From house dresses to haute couture, women in the 1950s used their sewing skills to create smart wardrobes that reflected fashion influences from Paris to Hollywood. Renowned designers such as Lanvin, Schiaparelli, and Givenchy licensed their names and elegant designs to pattern companies that produced hundreds of stylish patterns for home sewers. Chic fashions from New York and Hollywood designers added to the excitement of sewing as well. Skilled seamstresses enjoyed the thrill of selecting elegant, sophisticated fabrics, trims and notions to create a customized garment reflecting designer styling…at a fraction of the cost of the real thing!
The “Golden Age of Sewing” in the 1950s and 1960s evolved thanks to some nineteenth century innovations. First, of course, was the introduction of Isaac Singer’s easy-to-use home sewing machine introduced in 1853. His machine could sew 900 stitches per minute, a great improvement over the 40 stitches per minute an accomplished professional seamstress could achieve. Suddenly women no longer had to construct an entire garment by hand and sewing became much more efficient, and probably more fun. Costly at $10, the Singer Company introduced installment purchasing plans as well as accepting trade-in machines. Their sales soared.
The next innovation that facilitated home sewing was the paper pattern. Introduced in 1854 by Ellen Curtis Demorist (a milliner by trade), women now had a printed pattern that simplified cutting out fabric and constructing garments. In 1863 Ebenezer Butterick introduced the first graded – sized – pattern for sewing different sizes of garments. Initially just for children’s clothing, by 1866 he introduced graded patterns for women. In 1873 he began publishing The Delineator, a fashion magazine that publicized his patterns along with the latest Paris fashions. By the early 1900s, Butterick patterns were sold in illustrated envelopes with printed directions for making the garment.
In the early 1900s stylish, inexpensive clothing became readily available in department stores and interest in home sewing waned for several decades. During the Depression women mended and “spruced up” clothing, making do with what they had. The motto during the War years was “Make do and mend to save buying new”. Although clothing was readily available, the quality diminished and prices increased. The “pencil silhouette” was the norm as excess fabric in clothing design was discouraged, e. g. straight skirts vs full skirts; eliminating ruffles, pleats and gathers. When the war ended women celebrated with the “New Look” introduced in 1947 by Christian Dior: a wasp waist and full skirt, often using yards of fabric.
Interest in sewing exploded again as women’s roles shifted from war work back to the home. Prosperity and consumerism defined the 1950s as the country returned to work. Following the subdued, slim-line clothing of the war years, the fashions of the Fifties featured tight bodices, slim waistlines and full skirts, celebrating the abundance of fabric once again available. Women flocked to fabric stores, eagerly perusing pattern books for the latest chic fashions to create inexpensively at home. Luxurious as well as practical wash-and-wear fabrics were the basis of many stylish wardrobes. Creative sewers were able to turn a dress and jacket into multiple outfits with the addition of interchangeable collars, cuffs, bows and other accessories. The Golden Age of Sewing was in full swing!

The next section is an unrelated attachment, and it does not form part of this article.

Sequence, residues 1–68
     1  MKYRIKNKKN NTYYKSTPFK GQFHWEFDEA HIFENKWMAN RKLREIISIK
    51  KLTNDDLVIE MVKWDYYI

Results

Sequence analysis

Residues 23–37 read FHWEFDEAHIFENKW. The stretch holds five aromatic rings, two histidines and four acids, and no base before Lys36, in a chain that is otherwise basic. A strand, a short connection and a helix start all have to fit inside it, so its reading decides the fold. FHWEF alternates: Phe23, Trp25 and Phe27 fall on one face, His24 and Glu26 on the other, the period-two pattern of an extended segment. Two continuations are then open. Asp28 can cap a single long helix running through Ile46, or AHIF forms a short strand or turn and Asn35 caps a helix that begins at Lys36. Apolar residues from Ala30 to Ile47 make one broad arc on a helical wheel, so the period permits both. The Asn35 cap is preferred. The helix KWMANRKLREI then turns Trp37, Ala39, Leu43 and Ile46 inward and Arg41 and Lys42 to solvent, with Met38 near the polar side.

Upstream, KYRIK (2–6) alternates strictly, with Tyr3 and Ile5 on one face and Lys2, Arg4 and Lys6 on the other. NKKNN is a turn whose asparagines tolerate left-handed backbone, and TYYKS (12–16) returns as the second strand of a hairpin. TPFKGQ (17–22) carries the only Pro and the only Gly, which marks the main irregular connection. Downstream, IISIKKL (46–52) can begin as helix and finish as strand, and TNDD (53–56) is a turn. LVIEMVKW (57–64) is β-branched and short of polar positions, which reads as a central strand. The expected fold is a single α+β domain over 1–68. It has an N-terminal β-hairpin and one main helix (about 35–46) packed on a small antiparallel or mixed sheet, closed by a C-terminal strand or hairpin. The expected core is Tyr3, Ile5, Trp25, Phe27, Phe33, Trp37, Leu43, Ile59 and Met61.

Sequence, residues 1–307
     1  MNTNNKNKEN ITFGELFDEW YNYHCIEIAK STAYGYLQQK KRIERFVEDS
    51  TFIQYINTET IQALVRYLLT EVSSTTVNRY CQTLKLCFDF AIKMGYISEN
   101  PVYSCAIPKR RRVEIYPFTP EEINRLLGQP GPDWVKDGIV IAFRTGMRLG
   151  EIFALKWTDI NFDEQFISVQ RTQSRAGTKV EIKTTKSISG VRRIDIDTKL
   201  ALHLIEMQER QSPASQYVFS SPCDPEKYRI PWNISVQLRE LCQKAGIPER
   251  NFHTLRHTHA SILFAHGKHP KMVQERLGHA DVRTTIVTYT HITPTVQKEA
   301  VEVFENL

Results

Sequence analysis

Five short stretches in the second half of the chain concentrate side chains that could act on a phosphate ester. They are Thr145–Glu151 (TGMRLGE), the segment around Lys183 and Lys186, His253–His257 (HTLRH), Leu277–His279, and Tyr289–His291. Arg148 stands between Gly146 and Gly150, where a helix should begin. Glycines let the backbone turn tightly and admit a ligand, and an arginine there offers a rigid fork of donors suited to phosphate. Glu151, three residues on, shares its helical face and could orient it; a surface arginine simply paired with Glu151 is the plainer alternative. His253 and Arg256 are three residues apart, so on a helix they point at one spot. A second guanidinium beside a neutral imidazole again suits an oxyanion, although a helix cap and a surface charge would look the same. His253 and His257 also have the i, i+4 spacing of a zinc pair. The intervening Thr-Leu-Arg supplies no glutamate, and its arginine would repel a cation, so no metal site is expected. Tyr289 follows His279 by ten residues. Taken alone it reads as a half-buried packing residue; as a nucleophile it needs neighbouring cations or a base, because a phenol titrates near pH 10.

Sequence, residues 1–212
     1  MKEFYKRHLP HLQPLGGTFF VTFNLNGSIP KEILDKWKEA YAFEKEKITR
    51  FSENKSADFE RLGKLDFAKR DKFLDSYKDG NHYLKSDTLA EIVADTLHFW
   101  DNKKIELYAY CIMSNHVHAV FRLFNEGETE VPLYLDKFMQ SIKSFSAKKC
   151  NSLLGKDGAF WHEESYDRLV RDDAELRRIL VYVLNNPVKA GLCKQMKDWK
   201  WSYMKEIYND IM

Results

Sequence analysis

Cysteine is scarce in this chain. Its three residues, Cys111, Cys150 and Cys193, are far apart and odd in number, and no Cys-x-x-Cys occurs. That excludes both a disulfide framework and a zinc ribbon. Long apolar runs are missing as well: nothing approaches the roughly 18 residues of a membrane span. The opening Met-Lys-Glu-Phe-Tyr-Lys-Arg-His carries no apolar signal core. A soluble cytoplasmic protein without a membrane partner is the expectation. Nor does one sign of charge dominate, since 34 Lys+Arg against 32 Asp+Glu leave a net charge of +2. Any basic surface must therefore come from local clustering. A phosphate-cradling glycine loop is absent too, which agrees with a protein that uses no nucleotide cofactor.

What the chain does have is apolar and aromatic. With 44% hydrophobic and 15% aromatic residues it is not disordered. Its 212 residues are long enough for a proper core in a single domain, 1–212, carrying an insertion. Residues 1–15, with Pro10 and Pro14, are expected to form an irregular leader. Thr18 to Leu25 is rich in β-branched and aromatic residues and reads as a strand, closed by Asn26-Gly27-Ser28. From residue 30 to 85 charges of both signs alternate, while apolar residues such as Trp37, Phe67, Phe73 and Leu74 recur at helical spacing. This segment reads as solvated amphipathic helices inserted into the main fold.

In our exhibit, Fabulous Fashion – Decades of Change: 1890, 1920, 1950, we are fortunate to have the scrapbook documenting the success of one young home seamstress. In 1955 Judith Heitkemper (Cimino) won first prize in the Pasadena Singer Junior Dressmaking (Senior Division, ages 14-17) Contest with her elegant pink cotton duster (coat) made from Butterick pattern 7647 and pink gingham dress made from McCall’s pattern 3260. Simplified sewing techniques and the new capabilities of sewing machines enabled Judith to make this stylish, prize-winning outfit.
Judith made her dress and coat on a Model 221 Featherweight sewing machine, similar to that on display in our exhibit. Roberta Bryant (Dumas) purchased this Featherweight Model 221 and Folding Utility Table (Model 312) in April of 1957 for $188.32. The “221” fit into the Folding Utility Table which had a removable insert. When not used for sewing, this 30” x 30” collapsible birch veneer table could be used for card playing or for informal dining.
From the early days of plain patterns with no instructions, hand sewing and treadle sewing machines to today’s detailed patterns and sophisticated computerized sewing machines, a fashionista’s ability to create a customized, wardrobe informed by designer trends has never been easier.
By Susan Stevens
Ms. Stevens is a co-curator of the exhibition Fabulous Fashion, Decades of Change – 1890s, 1920s, & 1950s.